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- I know this goes without saying, but Stonehenge really was the most incredible accomplishment. It took five hundred men just to pull each sarsen, plus a hundred more to dash around positioning the rollers. Just think about it for a minute. Can you imagine trying to talk six hundred people into helping you drag a fifty-ton stone eighteen miles across the countryside and muscle it into an upright position, and then saying, "Right, lads! Another twenty like that, plus some lintels and maybe a couple of dozen nice bluestones from Wales, and we can party!" Whoever was the person behind Stonehenge was one dickens of a motivator, I'll tell you that.
- When any work seems to have required immense force and labor to effect it, the idea is grand. Stonehenge, neither for disposition nor ornament, has anything admirable; but those huge rude masses of stone, set on end, and piled each on other, turn the mind on the immense force necessary for such a work. Nay, the rudeness of the work increases this cause of grandeur, as it excludes the idea of art and contrivance; for dexterity produces another sort of effect, which is different enough from this.
- Edmund Burke, in A Philosophical Enquiry into the Origin of Our Ideas of the Sublime and Beautiful (1757) §12 : Difficulty
- Much of what has been written about Stonehenge is derivative, second-rate or plain wrong.
- Christopher Chippindale, in Stonehenge Complete (1983)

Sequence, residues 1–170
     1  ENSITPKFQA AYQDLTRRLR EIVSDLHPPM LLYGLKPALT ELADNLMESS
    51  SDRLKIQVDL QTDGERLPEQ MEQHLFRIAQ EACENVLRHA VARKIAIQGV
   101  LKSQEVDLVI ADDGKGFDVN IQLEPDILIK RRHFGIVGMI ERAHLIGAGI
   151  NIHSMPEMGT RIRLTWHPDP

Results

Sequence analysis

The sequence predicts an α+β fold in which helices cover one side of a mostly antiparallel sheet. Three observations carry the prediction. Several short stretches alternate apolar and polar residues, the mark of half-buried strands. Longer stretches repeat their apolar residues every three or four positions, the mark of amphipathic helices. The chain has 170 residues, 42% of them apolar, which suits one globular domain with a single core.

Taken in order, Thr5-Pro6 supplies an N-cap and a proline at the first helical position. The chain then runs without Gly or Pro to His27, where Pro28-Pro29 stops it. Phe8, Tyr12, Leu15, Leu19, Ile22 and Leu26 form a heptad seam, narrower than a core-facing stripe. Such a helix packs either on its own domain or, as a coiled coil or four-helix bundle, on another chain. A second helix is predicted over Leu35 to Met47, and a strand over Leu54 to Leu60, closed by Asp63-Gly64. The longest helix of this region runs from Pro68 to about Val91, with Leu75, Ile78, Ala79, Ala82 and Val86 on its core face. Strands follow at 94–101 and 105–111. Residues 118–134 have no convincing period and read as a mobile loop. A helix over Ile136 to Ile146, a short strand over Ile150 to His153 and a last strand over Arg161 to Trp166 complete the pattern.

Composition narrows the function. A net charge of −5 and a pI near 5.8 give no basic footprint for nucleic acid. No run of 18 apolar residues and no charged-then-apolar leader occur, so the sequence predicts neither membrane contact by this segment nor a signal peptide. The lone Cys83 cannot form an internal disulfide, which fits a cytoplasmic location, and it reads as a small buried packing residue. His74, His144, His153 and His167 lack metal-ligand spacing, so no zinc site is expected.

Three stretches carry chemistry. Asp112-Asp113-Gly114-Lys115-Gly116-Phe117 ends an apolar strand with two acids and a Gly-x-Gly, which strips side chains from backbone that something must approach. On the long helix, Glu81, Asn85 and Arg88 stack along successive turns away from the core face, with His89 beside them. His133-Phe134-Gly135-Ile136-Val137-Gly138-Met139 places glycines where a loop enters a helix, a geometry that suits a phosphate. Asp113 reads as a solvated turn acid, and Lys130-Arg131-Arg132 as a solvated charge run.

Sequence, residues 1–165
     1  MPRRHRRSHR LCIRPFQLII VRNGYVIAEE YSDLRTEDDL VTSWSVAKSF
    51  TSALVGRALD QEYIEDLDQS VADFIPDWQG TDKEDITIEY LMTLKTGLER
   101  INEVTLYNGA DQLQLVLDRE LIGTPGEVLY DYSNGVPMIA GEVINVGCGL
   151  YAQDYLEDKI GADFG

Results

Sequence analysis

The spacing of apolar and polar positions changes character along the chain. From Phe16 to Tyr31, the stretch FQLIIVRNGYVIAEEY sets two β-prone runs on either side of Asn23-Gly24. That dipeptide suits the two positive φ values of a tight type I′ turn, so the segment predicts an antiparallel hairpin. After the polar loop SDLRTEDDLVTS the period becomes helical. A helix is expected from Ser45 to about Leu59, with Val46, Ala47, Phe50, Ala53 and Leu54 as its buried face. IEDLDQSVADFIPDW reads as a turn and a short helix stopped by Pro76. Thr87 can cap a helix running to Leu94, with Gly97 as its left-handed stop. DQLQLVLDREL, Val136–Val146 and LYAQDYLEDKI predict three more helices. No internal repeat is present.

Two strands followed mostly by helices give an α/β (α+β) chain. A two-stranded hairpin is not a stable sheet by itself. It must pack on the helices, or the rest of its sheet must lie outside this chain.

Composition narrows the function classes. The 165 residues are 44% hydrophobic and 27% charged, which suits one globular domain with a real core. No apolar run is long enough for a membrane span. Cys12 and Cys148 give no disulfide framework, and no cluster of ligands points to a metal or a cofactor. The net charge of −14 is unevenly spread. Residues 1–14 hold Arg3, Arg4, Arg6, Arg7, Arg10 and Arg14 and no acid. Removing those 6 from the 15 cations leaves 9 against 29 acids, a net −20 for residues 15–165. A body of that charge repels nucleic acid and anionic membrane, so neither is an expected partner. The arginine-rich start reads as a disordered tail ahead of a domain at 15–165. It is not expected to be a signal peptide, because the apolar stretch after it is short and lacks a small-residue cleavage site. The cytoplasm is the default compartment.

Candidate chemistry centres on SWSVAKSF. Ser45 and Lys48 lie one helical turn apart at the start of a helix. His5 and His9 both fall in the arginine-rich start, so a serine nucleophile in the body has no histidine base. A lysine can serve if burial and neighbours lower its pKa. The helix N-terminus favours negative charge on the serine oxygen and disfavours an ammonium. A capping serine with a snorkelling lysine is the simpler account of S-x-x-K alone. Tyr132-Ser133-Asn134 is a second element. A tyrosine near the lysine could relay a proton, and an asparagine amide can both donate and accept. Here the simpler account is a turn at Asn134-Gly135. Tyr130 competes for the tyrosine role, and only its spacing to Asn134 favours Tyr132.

- Hello, Stonehenge! Who takes the Pandorica, takes the universe!
- Every age has the Stonehenge it deserves-or desires.
- Jacquetta Hawkes, in God in the Machine, Antiquity 41 (1967), p. 174
- I don't like the place at all. It's all wrong. An imposition on the Landscape. I reckon that Stonehenge was build by the contemporary equivalent of Microsoft, whereas Avebury was definitely an Apple circle.
- Stonehenge, where the demons dwell
Where the banshees live and they do live well
Stonehenge, where a man's a man
And the children dance to the pipes of Pan.
- Spinal Tap, in This Is Spinal Tap (1984)
- Our Soveraign here above the rest might stand;
And here be chose again to rule the Land.
These Ruines sheltered once His Sacred Head,
Then when from Wor'ster's fatal Field He fled;
Watch'd by the Genius of this Royal place,
And mighty Visions of the Danish Race,
HisRefuge then was for a Temple shown:
But, He restor'd, 'tis now become a Throne.
- Stonehenge at English Heritage
- Stonehenge Landscape
- Ancient Places TV: HD Video of Stonehenge Excavations of 2008
- Stonehenge Today and Yesterday by Frank Stevens
- BBC : The History of Stonehenge
- Stonehenge, a Temple Restor'd to the British Druids by William Stukeley
- Stonehenge, and Other British Monuments Astronomically Considered by Norman Lockyer